The second is the Principle of Mobility. Over time, there must be some continuous, competitive selection process that ensures performance is rewarded and failure punished. That is, the delegation of duties cannot simply be made once and then fixed in place over a career or between generations. People must be able to rise and fall along with their accomplishments and failures. When a slugger loses his swing, he should be benched; when a trader loses money, his bonus should be cut. At the broader social level, we hope that the talented children of the poor will ascend to positions of power and prestige while the mediocre sons of the wealthy will not be charged with life-and-death decisions. Over time, in other words, society will have mechanisms that act as a sort of pump, constantly ensuring that the talented and hard-working are propelled upward, while the mediocre trickle downward.
But this ideal, appealing as it may be, runs up against the reality of what I’ll call the Iron Law of Meritocracy. The Iron Law of Meritocracy states that eventually the inequality produced by a meritocratic system will grow large enough to subvert the mechanisms of mobility. Unequal outcomes make equal opportunity impossible. The Principle of Difference will come to overwhelm the Principle of Mobility. Those who are able to climb up the ladder will find ways to pull it up after them, or to selectively lower it down to allow their friends, allies and kin to scramble up. In other words: “Who says meritocracy says oligarchy.”
Consider, for example, the next “meritocracy” that graduates of Hunter encounter. American universities are the central institution of the modern meritocracy, and yet, as Daniel Golden documents in his devastating book The Price of Admission, atop the ostensibly meritocratic architecture of SATs and high school grades is built an entire tower of preference and subsidy for the privileged:
At least one third of the students at elite universities, and at least half at liberal arts colleges, are flagged for preferential treatment in the admissions process. While minorities make up 10 to 15 percent of a typical student body, affluent whites dominate other preferred groups: recruited athletes (10 to 25 percent of students); alumni children, also known as “legacies” (10 to 25 percent); development cases (2 to 5 percent); children of celebrities and politicians (1 to 2 percent); and children of faculty members (1 to 3 percent).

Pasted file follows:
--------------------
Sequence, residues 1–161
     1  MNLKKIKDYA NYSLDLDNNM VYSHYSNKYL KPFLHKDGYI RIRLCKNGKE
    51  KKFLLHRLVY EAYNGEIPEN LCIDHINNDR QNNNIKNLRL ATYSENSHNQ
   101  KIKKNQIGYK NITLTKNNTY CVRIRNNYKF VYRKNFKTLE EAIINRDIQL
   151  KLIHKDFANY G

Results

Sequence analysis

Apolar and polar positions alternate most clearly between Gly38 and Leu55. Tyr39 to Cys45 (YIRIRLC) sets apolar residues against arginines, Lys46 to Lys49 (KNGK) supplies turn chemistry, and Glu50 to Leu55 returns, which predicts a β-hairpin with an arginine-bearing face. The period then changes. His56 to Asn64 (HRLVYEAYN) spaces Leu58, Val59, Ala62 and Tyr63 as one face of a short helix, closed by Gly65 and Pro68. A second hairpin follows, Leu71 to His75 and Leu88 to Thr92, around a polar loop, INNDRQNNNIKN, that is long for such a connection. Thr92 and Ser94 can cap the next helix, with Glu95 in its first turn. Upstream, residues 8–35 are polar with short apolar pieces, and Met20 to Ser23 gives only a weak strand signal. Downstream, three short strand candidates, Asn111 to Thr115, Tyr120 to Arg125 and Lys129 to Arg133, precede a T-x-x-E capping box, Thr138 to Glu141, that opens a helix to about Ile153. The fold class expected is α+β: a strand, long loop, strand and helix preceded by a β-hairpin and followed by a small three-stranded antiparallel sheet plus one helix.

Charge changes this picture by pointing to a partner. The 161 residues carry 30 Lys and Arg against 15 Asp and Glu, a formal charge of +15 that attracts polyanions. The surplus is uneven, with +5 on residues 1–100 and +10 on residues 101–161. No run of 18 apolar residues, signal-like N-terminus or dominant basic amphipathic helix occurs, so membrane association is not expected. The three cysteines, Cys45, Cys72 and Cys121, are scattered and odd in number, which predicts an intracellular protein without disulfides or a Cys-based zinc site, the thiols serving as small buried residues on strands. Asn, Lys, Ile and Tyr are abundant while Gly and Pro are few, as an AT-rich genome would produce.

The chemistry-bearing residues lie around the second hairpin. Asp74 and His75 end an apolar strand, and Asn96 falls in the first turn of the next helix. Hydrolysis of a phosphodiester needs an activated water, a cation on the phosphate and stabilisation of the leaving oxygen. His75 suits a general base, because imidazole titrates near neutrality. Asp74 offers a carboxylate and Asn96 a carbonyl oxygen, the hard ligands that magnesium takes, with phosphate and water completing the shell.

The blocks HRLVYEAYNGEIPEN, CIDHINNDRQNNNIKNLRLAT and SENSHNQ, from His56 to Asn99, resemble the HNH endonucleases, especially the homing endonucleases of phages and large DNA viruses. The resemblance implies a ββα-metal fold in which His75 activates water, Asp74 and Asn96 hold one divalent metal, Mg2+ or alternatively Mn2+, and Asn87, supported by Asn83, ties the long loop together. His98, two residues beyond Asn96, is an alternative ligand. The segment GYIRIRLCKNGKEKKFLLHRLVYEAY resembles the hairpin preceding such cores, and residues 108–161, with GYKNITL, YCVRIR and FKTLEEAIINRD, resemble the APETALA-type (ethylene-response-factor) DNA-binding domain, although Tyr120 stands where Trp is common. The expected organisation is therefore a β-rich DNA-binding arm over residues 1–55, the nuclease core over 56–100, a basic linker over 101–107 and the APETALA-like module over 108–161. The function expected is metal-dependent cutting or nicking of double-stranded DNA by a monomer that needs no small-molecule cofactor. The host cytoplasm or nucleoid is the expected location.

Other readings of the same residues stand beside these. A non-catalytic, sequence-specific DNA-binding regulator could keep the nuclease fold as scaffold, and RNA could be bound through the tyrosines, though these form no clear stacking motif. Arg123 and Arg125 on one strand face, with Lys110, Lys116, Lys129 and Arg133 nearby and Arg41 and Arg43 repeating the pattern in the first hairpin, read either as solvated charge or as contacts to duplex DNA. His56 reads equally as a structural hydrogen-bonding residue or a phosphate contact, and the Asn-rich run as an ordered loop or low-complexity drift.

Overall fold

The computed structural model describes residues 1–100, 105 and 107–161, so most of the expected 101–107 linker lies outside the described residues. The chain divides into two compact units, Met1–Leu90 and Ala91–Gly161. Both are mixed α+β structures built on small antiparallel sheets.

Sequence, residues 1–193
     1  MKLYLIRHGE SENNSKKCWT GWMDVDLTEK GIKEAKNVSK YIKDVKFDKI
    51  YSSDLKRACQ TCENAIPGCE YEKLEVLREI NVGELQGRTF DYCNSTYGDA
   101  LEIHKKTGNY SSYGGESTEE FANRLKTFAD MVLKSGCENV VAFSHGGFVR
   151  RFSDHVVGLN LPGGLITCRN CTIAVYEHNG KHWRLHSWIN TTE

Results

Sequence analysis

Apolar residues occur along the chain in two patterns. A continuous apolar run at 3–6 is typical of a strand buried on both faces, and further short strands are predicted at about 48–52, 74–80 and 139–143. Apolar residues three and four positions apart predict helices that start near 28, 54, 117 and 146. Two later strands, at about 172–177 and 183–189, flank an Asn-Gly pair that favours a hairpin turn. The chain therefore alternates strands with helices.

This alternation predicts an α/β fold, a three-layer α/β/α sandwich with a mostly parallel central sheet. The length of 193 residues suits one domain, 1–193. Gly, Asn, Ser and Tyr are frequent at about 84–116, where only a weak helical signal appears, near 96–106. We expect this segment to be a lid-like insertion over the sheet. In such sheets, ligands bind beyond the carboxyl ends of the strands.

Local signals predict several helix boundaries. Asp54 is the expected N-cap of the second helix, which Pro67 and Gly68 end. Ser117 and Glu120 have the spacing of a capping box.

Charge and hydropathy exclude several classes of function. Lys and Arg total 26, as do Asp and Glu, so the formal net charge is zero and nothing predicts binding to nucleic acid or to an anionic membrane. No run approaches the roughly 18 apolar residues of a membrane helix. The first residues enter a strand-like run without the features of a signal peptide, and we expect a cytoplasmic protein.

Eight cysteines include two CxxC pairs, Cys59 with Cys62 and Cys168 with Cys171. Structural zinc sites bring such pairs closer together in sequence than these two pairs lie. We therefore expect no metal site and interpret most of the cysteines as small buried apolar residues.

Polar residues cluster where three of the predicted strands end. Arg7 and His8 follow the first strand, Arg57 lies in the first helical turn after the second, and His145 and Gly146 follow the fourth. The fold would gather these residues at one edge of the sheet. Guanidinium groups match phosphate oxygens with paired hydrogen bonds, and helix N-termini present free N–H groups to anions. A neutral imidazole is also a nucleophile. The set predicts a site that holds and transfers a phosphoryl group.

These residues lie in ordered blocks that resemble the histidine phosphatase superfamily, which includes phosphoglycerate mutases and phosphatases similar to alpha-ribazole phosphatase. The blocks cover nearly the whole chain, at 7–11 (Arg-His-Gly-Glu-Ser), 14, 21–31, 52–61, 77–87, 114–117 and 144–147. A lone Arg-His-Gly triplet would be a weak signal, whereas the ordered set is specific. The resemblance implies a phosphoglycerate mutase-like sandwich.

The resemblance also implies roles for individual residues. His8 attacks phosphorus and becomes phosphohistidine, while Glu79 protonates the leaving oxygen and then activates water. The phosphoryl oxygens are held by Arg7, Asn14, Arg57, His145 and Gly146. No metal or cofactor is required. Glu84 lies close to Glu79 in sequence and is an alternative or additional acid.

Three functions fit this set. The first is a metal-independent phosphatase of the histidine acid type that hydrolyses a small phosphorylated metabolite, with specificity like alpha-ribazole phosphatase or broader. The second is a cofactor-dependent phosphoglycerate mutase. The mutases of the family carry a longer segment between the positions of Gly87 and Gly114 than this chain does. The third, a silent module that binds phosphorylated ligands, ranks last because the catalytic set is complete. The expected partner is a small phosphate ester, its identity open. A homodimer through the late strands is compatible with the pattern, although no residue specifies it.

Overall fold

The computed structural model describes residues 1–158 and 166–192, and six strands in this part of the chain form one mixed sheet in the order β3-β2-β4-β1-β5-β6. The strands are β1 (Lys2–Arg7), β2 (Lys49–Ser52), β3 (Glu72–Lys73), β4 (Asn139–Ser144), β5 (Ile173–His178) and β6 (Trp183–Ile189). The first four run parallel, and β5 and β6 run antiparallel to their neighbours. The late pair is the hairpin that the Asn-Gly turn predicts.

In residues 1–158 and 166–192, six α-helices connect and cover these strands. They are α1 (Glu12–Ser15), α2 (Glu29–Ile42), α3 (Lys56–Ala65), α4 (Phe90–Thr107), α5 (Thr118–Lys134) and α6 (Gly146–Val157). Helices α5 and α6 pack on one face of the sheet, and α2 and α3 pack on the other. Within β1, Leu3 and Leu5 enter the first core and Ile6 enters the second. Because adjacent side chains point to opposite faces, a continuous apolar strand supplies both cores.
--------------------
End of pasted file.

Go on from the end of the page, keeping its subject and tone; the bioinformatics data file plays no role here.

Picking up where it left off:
This doesn’t even count the advantages that wealthy children have in terms of private tutors, test prep, and access to expensive private high schools and college counselors. All together, this layered system of preferences for the children of the privileged amounts to, in Golden’s words, “affirmative action for rich white people.” It is not so much the meritocracy as idealized and celebrated but rather the ancient practice of “elites mastering the art of perpetuating themselves.”
A pure functioning meritocracy would produce a society with growing inequality, but that inequality would come along with a correlated increase in social mobility. As the educational system and business world got better and better at finding inherent merit wherever it lay, you would see the bright kids of the poor boosted to the upper echelons of society, with the untalented progeny of the best and brightest relegated to the bottom of the social pyramid where they belong.
But the Iron Law of Meritocracy makes a different prediction: that societies ordered around the meritocratic ideal will produce inequality without the attendant mobility. Indeed, over time, a society will become more unequal and less mobile as those who ascend its heights create means of preserving and defending their privilege and find ways to pass it on across generations. And this, as it turns out, is a pretty spot-on description of the trajectory of the American economy since the mid-1970s.
* Maryland votes in gay marriage! 42 to go.
* Map of the night: U.S. military and CIA interventions since World War II.
* Two terrible tastes that taste bad together: Rick Santorum and for-profit colleges.
* Republic Windows and Doors has been re-occupied. Elsewhere in Occupied America: Rebecca Solnit rhapsodizes—but maybe also eulogizes—Occupy Oakland, while a group affiliated with Occupy Wall Street will host a national convention in July.
“We feel that following the footsteps of our founding fathers is the right way to go,” an organizer told the AP.
I propose we rethink that.
* The European Organization for Nuclear Research (CERN) has confirmed that scientists have found errors in a physics experiment that recorded particles traveling 60 nanoseconds faster than the speed of light in late 2011. But now, the agency says that one of the errors means the particles could have been traveling faster than that!
* And today’s chilling vision of things to come: “Mutated Trout Raise New Concerns Near Mine Sites.” Enjoy your weekend!